World War II literally ruined Hungary. The extent of war damage, both in terms of the number of apartments and infrastructure itself, was enormous, not to mention the loss of human life. Towards the end of 1944 architects already started to discuss the tasks for the post-war time. Some did not limit their proposals to rebuilding the country but wanted to construct it almost from scratch, taking advantage of European cooperation in the professional field, which was devoid of political and ideological influence, in a new better developed social and economic order. Their aim was to reach a higher level of social understanding, which was expected to result in an institutionalised solution of the housing problems. They believed that to achieve it was necessary to introduce a fundamental reform in land and property law, which would subordinate private concerns to the public interest. On the other hand, they wanted to introduce modern architectural ideas which they understood as implementation of the Bauhaus designs for communal flats and of Le Corbusier’s principles and architectural experiences. In the field of urban planning, mainly in the capital, wide open spaces, boulevards and large squares and terraced houses were designed to replace old fashioned districts which had been ruined in the war.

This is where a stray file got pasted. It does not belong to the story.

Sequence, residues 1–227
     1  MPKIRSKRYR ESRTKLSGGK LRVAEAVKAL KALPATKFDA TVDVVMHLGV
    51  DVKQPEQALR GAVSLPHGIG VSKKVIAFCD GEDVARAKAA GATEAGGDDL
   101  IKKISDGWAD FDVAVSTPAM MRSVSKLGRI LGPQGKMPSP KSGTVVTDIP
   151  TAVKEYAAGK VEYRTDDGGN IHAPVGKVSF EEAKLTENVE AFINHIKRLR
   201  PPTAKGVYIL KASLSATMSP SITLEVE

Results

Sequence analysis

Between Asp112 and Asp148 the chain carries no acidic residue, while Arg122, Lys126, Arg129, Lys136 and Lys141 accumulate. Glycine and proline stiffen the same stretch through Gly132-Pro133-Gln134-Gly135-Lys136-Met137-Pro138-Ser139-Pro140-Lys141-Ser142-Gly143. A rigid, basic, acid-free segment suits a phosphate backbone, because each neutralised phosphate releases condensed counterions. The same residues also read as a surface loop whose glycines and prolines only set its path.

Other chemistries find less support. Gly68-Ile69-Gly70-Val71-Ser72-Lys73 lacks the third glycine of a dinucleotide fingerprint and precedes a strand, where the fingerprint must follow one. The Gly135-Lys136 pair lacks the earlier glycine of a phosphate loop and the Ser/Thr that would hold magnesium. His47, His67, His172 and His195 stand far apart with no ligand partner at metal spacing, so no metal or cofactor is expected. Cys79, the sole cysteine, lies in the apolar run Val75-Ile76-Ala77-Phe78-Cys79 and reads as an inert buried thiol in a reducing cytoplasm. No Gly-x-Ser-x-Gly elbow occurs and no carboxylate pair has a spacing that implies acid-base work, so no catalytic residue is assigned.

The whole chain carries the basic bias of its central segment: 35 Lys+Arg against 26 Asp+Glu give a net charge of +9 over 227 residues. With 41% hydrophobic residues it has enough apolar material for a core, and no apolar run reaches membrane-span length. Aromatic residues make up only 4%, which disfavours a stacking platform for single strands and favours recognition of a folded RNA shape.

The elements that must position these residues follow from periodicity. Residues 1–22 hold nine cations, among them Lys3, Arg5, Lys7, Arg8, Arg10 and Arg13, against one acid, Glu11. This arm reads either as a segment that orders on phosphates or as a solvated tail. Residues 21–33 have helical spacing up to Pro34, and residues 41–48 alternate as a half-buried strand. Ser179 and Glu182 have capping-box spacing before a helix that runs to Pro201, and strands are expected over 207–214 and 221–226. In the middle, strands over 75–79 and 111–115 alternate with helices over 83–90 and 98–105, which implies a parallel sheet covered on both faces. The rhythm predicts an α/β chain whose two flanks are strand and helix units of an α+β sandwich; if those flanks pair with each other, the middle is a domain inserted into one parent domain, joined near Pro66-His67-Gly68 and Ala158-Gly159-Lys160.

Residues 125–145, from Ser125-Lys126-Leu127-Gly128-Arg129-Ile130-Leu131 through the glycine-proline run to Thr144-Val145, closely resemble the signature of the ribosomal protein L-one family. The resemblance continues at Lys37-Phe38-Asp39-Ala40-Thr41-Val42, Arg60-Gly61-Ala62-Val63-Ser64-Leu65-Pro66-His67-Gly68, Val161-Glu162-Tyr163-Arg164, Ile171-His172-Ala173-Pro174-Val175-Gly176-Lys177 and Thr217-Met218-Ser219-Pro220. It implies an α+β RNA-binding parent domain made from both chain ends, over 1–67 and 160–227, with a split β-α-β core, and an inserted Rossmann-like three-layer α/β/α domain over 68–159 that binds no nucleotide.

Prakfalvi, Endre; Ritoók, Pál: Socialist in Content, National in Form, Autoportret 3/2010